3.2 Sources of information confirming adulteration: The most comprehensive review on adulteration of skullcap has been published by Foster in HerbalGram for the ABC-AHP-NCNPR Botanical Adulterants Program.2 Other sources for information on skullcap adulteration include the American Herbal Pharmacopoeia monograph on Scutellaria lateriflora by Upton et al.,1 and the PhD thesis by Brock.8 Some of the adulteration seems to be due to the sale of mislabeled seed material, e.g., the inadvertent cultivation of S. incana in North America, or of S. ovata in the United Kingdom. 1,8 Leroy Ballard, president at Nature’s Cathedral, Inc., an American grower and supplier of native American medicinal plants, commented that there are still between 1350 and 1800 kg (3000 and 4000 lbs) of S. incana sold as “Scutellaria spp.” in the United States, but most of this material is exported overseas. (L. Ballard oral communication to S. Gafner, January 28, 2015). According to Brock, it is not clear how much of the skullcap material used by herbalists in the UK is actually S. ovata.8 Further evidence of ongoing adulteration of skullcap products available in the US market is demonstrated by the results from a study in 2011 by researchers at the United States Department of Agriculture, where 5 out of 13 commercial dietary supplements from US manufacturers purchased on the Internet were adulterated, reportedly with Canada germander and Chinese skullcap.14 [Note: The original publication does not state the source of the purchased products, but one of the authors has confirmed that they were from American (US) manufacturers. (P. Chen e-mail to S. Gafner, September 4, 2015)] Adulteration of commercially sold skullcap raw material with germander (species not identified) was also reported in 2012 by Walker and Applequist.15 Germander was formerly sold routinely as a bulk botanical in the United States but it is no longer offered by most herbal suppliers in the North American market (L. Ballard oral communication to S. Gafner, January 28, 2015).
3.3 Accidental or intentional adulteration: As indicated above, some of the adulterated material on the market may be due to rare accidental misidentification when material is harvested in the wild, or the cultivation of crops where the seeds have been mislabeled, which is likely the case for some of the adulteration with other species from the genus Scutellaria (except adulteration with Chinese skullcap, S. baicalensis, which does not grow in the same geographical area as S. lateriflora). The reasons behind the adulteration of skullcap with germander species is a matter of debate. Some experts suggest that it is accidental, but it is now believed that at least part of the adulteration is deliberate since the Teucriumspecies have a heavier dry weight than skullcap and therefore, a much higher yield is obtained when harvesting germander (E. Fletcher e-mail to S. Gafner , January 20, 2015; A. Chandra, e-mail to S. Gafner, January 23, 2015).12,16 Nomenclatural confusion may also play a roles, as pink skullcap is a common name applied to Canada germander.2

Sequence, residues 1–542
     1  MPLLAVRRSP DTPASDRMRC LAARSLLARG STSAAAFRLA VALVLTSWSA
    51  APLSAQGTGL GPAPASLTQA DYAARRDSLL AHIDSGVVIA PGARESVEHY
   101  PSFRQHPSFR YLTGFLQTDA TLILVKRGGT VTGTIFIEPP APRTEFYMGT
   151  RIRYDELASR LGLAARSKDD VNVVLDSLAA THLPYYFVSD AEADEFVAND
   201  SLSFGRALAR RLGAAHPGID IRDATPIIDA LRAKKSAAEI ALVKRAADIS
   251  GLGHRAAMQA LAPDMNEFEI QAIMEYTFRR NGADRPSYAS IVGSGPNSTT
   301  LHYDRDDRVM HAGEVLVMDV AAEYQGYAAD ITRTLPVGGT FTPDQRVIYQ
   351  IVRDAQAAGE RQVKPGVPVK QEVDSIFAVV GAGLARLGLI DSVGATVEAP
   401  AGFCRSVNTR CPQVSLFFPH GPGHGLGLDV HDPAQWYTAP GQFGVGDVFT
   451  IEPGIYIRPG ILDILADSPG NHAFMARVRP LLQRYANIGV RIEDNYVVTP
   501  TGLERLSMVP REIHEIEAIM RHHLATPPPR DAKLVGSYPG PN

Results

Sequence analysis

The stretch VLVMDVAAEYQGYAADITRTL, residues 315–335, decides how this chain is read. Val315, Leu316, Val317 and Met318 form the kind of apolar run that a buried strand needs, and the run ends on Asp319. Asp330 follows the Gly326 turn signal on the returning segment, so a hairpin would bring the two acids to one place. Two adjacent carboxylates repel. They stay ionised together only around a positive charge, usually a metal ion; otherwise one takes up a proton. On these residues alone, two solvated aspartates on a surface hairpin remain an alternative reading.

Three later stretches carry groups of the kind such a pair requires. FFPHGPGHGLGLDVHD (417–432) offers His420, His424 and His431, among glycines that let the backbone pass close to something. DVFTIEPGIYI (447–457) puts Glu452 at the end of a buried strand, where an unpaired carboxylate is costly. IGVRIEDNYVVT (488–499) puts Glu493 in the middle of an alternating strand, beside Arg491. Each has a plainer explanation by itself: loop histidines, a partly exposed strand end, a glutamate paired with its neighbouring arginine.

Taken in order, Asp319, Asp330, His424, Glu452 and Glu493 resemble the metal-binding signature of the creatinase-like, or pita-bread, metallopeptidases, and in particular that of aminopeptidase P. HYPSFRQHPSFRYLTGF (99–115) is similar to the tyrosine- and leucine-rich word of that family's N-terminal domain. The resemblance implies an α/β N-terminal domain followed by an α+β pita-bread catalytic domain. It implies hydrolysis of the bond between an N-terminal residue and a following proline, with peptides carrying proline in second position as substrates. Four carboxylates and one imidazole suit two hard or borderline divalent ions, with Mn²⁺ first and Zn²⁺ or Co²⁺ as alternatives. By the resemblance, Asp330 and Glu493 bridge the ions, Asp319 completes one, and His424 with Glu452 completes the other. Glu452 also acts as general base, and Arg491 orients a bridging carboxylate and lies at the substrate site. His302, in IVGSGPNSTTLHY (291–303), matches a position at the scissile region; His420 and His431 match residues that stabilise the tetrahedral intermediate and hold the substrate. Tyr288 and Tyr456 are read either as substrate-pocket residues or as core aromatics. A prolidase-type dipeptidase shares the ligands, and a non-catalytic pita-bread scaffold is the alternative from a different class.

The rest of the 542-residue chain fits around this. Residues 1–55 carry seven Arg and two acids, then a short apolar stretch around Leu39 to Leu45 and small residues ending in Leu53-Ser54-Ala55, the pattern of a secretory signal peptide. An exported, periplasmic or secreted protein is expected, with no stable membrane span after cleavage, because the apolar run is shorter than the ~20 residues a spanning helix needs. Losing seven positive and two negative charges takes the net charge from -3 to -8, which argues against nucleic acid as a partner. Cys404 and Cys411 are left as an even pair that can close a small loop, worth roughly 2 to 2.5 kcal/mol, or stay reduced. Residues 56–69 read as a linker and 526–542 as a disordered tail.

3.4 Frequency of occurrence: There is no comprehensive published study on the frequency of skullcap adulteration. The only study looking at the adulteration of skullcap dietary supplements included a limited amount of samples (n = 13) from manufacturers in the United States purchased over the Internet.14 In this study, 38% of the samples were found to be adulterated. On the other hand, a study looking at whole or minimally processed skullcap raw materials (n = 10) purchased from vendors within the United States, did not find any adulterated material, although the authors of the study specify that they “have seen a recent sample of commercial skullcap, not included within this study, that was over 50% Teucrium”.15 Similarly, a study investigating the authenticity of 11 commercial dietary supplements (10 extracts and one product made with crude powdered material) sold in the United States, using species-specific DNA primers, concluded that all nine samples from which DNA was obtained contained S. lateriflora. Two samples, including the product made with powdered raw herb, did not contain DNA of sufficient quality to determine the identity of the material (D. Harbaugh Reynaud e-mail to S. Gafner, January 14, 2016). No chemical assays were performed on these samples to confirm the results.
3.5 Possible safety/therapeutic issues: Substitution of S. lateriflora was a prominent issue in 2002 due to an Australian herbal product’s being implicated in the death of a patient due to liver failure.17According to the label, the herbal product contained kava (Piper methysticum, Piperaceae), passionflower (Passiflora incarnata, Passifloraceae) and skullcap. The authors of the case report suggested that the liver failure was possibly due to the ingestion of kava, a botanical that has been linked to rare occurrences of liver toxicity.18 However, the causative agent for the death of the Australian patient was never confirmed. The Australian Therapeutics Goods Administration (TGA) analyzed the product and determined that it did not contain skullcap. Some of the known skullcap adulterants, Teucrium species are known to cause liver injury in humans.19 The hepatotoxicity in Teucrium has been ascribed to the diterpenoid fraction.20 The liver toxicity of germander is influenced by a number of factors, including the diet, the type of germander preparation, and possibly genetic factors.21,22 In contrast to many of the germander neo-clerodane diterpenes, those with a tetrahydrofuran moiety did not show hepatotoxic effects. The neo-clerodane diterpenes isolated from skullcap by Bruno et al.23 are different since they are substituted with either a dihydrofuran-fused tetrahydrofuran moiety or a fused tetrahydrofuran-γ-lactone ring. The detection of these specific diterpenes may offer a way to uncover adulteration, although subsequent studies failed to detect diterpenes in skullcap.24,25